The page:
Offshore wind has a lot of things going for it. Whether it's less intermittency, a lack of NIMBY neighbors, or the sheer room to scale, we have good reason to believe that it will play an increasingly important role in electricity production around the world.
Until recently, however, there was one major drawback: price.
Here too, however, there's been progress. Just earlier this summer, for example, there was considerable excitement when DONG Energy delivered a tender for a Dutch wind farm with a strike price of €72.70/MWh, beating the industry's 2020 goal of €100/MWh by several years and more than €27. And now it looks like that particular bid wasn't an outlier, either.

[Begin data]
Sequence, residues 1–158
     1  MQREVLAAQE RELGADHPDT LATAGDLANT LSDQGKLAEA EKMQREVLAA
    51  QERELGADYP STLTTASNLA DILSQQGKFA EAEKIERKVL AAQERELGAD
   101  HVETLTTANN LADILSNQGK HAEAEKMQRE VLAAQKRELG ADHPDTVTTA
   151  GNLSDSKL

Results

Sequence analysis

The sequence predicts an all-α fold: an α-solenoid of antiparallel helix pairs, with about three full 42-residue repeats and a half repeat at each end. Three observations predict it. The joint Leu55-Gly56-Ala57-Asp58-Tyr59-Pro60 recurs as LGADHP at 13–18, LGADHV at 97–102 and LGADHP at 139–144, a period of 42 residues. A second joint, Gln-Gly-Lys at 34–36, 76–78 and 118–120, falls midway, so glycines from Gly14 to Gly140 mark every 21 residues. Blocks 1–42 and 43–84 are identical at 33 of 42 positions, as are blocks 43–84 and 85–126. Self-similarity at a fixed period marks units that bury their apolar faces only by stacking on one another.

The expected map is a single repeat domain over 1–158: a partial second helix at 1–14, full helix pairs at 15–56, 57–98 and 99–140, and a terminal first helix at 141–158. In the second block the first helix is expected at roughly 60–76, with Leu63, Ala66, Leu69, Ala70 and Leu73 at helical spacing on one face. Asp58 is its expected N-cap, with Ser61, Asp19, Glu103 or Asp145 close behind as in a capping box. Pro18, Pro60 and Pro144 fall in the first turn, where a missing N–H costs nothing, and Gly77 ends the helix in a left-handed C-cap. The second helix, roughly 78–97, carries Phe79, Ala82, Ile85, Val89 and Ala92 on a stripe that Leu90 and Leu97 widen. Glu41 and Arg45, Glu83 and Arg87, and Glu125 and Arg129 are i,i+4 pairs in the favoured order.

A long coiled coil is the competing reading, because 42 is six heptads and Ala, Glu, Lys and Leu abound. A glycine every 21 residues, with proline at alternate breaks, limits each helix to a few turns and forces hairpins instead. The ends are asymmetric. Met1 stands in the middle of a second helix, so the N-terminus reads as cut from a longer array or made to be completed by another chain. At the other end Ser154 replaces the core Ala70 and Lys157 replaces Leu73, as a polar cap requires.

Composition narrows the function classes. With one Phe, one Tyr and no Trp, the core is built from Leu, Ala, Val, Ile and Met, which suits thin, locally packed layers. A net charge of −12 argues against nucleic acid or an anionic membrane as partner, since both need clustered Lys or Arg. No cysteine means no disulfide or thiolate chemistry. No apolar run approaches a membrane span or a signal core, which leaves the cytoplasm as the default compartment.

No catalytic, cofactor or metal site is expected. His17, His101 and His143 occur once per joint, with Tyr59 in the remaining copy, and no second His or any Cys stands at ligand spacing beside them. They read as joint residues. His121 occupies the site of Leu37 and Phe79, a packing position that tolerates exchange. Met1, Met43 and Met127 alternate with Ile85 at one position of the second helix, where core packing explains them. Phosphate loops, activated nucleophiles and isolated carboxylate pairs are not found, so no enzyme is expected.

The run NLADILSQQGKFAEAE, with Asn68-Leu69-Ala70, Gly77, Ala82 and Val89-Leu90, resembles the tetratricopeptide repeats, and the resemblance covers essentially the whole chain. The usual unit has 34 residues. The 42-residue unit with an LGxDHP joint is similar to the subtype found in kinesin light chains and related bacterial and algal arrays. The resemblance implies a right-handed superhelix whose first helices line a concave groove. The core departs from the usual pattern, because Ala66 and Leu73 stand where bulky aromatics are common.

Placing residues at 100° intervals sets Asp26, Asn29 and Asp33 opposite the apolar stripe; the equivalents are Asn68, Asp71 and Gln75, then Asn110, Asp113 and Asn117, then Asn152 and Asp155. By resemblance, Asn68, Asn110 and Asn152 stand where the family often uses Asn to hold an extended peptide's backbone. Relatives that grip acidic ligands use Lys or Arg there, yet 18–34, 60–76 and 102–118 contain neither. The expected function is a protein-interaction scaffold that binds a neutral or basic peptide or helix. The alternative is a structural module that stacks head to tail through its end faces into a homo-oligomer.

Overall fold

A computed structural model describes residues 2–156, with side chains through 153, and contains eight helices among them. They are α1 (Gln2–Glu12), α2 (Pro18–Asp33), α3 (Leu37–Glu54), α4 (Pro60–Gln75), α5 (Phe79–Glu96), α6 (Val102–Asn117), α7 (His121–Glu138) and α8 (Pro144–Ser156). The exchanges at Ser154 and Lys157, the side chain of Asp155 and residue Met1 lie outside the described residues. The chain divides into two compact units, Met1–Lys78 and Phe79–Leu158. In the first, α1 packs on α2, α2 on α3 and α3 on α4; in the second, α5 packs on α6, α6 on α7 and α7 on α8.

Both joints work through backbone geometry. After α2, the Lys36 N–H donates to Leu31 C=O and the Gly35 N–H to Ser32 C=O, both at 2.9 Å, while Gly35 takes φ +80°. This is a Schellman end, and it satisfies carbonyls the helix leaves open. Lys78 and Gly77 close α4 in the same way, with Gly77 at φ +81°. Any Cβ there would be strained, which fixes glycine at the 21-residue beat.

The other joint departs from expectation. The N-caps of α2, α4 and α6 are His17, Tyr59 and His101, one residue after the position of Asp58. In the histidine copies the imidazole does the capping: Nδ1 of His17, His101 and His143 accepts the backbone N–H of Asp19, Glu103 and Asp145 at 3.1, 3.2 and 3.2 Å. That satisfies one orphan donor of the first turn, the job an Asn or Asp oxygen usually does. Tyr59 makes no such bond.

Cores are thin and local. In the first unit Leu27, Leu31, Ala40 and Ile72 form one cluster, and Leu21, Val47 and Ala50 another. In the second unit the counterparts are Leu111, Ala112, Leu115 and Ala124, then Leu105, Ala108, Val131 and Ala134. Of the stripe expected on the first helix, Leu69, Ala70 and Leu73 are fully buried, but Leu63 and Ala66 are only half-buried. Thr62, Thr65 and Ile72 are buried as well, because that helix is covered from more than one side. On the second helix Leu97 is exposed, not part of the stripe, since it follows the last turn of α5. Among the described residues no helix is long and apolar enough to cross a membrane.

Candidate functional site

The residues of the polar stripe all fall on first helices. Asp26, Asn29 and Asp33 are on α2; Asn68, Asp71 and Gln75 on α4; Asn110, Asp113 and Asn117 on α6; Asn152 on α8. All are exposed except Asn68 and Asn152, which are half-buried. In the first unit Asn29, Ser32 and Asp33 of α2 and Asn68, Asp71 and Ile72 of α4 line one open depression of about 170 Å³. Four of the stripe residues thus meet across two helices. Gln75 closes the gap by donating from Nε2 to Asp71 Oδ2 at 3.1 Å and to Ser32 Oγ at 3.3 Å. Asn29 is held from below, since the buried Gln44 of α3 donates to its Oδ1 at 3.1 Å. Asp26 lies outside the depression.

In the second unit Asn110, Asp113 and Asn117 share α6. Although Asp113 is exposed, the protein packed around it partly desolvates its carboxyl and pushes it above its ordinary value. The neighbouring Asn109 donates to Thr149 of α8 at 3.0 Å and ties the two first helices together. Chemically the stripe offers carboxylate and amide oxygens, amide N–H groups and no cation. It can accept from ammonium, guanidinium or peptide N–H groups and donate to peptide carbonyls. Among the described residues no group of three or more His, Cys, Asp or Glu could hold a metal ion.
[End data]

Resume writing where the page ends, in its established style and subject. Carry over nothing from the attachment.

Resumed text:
In fact, Bloomberg is reporting that Vattenfall AB just delivered a tender to build two offshore wind farms, with a total capacity of 350 megawatts at €60/MWh—in other words 20% lower than the lowest ever bid set earlier this year! It'll be interesting to see if prices like these are the new normal. If so, we can fully expect the offshore wind industry, in Europe at least, to take off at a pretty rapid pace.
Meanwhile, the US is about to usher in its first commercial scale offshore wind farm. And while the 30 megawatt capacity pales into insignificance compared to the huge farms already operating elsewhere in the world, there's good reason to believe that it's a sign of bigger, better and cheaper things to come for this promising industry.